Posted on June 10, 2019 at 12:01 PM
Microsoft has issued a notice that European users of its Office programs are being targeted with spam campaign that looks to install trojans on devices that are running non-patched versions of the productivity suite.
Microsoft warns customers of spam attack
Microsoft issued the warning this Friday, the 7th of June, that an ongoing series of spam emails were being sent to Europeans in the hope that the malicious threat actors would be able to gain access to the victims’ computers. The spam emails contained an RTF based attachment that, when opened, ran a series of scripts that would allow the hackers to gain access to an infected system.
Microsoft further went on to state that it is predominantly European users that are being targetted with the languages that appear to be in the attachments being from the mainland of Europe. The various scripts run are VBScript, Powershell, and PHP among many others that download a payload that finished with a trojan that can directly control the user’s computer.
The good news, according to Microsoft, is that the command and control servers used in this attack seemed to been shut down by Friday when the security alert was sent out. The problem, however, is that it could very well be used again and the security alert particularly makes sure that people are aware now so that any future emails are protected against.
Future campaigns pose a direct threat to unpatched Office users
Microsoft’s insistence that users be aware of the threat now so that any future attacks might be foiled is a smart move. Hackers often use the same tricks multiple times and in this case, it could pose a direct threat to many people.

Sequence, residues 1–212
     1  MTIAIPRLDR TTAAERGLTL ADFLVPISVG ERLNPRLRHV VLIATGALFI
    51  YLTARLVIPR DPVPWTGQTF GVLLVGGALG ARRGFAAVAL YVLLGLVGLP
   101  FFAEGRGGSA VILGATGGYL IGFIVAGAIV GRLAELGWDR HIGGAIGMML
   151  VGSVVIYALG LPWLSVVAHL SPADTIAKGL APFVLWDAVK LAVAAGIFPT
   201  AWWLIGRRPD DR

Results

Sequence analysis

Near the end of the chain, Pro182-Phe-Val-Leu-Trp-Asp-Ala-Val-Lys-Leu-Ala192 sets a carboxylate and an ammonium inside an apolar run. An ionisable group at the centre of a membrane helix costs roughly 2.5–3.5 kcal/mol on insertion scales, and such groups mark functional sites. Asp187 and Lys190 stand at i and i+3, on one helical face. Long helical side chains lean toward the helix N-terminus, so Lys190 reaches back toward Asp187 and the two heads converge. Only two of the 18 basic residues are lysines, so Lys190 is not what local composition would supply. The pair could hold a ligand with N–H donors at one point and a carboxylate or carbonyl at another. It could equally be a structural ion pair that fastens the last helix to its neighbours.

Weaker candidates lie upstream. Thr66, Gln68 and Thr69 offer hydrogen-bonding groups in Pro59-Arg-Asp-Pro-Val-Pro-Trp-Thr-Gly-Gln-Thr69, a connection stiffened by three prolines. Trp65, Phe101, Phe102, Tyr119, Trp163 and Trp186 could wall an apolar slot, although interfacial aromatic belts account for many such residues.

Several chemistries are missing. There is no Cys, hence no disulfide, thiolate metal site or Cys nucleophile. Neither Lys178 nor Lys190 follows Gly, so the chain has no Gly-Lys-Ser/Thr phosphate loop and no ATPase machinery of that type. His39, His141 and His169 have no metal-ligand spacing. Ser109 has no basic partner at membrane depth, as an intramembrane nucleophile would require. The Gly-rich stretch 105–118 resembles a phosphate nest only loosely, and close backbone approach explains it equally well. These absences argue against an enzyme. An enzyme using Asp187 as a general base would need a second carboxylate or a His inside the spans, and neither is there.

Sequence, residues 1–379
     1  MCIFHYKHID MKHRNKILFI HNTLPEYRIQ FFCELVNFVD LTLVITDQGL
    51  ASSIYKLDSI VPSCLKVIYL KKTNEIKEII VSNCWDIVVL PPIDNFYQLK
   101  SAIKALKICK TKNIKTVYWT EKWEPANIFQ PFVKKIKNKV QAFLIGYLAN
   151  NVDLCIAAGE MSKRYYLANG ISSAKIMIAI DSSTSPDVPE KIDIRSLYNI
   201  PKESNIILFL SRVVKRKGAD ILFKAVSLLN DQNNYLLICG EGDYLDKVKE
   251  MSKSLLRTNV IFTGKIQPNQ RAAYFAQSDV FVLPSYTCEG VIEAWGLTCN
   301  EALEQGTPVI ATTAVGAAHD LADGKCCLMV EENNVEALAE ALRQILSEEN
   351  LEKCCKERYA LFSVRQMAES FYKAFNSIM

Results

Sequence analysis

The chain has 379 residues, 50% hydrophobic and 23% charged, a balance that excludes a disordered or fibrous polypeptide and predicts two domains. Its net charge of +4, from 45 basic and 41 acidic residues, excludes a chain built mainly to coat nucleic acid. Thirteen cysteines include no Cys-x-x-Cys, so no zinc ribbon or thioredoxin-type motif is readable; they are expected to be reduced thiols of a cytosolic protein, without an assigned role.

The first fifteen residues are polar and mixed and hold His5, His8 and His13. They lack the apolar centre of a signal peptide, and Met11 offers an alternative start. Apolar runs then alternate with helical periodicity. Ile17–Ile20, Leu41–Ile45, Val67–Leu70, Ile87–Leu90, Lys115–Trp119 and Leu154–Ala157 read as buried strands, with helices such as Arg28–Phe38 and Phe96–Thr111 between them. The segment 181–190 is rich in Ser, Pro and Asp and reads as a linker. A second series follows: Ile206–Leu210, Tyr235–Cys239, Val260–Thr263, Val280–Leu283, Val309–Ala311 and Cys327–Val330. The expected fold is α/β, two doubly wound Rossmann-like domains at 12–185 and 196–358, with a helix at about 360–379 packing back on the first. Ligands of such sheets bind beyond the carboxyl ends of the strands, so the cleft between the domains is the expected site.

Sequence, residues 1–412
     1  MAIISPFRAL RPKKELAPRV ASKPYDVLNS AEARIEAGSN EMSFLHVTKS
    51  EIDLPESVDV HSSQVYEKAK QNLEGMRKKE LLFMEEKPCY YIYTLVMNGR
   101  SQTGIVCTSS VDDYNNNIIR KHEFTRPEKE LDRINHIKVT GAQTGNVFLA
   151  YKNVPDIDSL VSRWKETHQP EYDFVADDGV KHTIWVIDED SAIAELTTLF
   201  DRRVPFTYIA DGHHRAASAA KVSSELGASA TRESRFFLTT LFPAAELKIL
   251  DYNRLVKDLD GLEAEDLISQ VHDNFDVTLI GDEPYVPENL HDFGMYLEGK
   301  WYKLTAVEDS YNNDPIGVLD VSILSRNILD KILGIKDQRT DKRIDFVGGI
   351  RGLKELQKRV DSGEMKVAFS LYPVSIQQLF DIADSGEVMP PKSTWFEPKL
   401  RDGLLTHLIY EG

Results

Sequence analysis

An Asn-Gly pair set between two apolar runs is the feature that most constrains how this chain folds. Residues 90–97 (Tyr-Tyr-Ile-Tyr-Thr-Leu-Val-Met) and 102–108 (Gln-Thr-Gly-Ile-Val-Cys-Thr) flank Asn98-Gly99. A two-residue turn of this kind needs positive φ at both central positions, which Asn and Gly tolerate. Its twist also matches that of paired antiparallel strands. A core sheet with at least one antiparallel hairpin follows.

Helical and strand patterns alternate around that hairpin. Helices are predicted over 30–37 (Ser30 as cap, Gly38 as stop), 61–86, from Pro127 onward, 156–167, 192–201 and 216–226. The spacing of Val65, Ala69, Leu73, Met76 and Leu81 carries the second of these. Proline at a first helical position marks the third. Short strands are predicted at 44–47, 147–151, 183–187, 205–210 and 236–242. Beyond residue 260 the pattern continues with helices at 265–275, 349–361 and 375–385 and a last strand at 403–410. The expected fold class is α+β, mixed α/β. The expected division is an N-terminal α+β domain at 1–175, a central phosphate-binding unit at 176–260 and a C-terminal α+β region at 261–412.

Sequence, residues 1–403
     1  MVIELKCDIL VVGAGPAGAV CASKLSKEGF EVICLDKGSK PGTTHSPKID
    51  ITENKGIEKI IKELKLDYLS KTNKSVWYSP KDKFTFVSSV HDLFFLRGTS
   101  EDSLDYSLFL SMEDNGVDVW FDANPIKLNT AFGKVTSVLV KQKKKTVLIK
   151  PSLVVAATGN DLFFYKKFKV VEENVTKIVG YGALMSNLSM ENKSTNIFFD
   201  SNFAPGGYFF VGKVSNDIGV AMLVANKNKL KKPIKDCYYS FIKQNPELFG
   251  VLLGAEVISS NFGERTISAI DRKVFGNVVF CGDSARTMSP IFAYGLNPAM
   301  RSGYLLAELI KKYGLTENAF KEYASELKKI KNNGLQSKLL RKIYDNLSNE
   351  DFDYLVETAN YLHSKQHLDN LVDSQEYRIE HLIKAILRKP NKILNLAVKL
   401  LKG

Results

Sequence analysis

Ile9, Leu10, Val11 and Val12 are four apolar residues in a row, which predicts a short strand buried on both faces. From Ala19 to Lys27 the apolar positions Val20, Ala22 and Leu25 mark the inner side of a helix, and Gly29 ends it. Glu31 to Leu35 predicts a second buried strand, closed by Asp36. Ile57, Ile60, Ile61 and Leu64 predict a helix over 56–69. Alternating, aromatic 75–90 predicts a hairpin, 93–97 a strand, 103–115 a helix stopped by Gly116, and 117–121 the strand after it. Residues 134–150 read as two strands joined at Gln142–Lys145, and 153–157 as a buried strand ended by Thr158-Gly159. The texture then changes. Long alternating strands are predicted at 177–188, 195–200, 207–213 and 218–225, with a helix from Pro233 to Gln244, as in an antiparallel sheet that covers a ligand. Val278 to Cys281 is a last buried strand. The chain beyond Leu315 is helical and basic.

The vulnerability is given the usual prosaic name by Microsoft, CVE-2017-11882, and was patched out in November of 2017. Users who had applied the patch should be safe from this particular vector of attack, but there is always the issue of people not updating their software on time, if ever. This is why Microsoft says it is crucial to always let your software update so that these types of attacks do not gain any headway.
Equation Editor compatibility module at fault for risk
This vulnerability is a codename for an older version of the Equation Editor that Microsoft needs to keep around for compatibility purposes. There is a newer version, but as with most of Microsoft’s software, the strength of its catalog is in how well it interacts with previous versions.
This is both a blessing and as has been seen, a curse. Older software is more prone to attacks and cannot be easily changed without severely hurting backward compatibility. The initial flaw was found back in 2017 by a security research firm called Embedi. They discovered that the older, compatibility version of the Equation Editor could be used to execute code on a victim’s computer without any authorization needed by the victim. It all happened completely in the background and the user would be left without any knowledge of the attack having taken place.
While Microsoft tried to solve the problem, there was another exploit found later in 2018 and the company was forced to remove these components despite some initial outcry from businesses who were still running an older version of Microsoft Office.
Hackers were happy, however, as many know that a good bulk of users either forget to update or simply ignore any update calls seeing them as more of a nuisance than as a security measure that needs to happen in a timely manner. While many enterprises are run by competent people and these larger businesses will generally always have a staff of people who make sure that business laptops are safe, that does not stop employees from contracting the virus at home and bringing it into the workplace on a USB drive or something similar.
This is just one of the reasons that this exploit has been abused since it was announced back in 2017 – it offers an easy way for hackers to get into a system and with a little patience, they can get anywhere they want.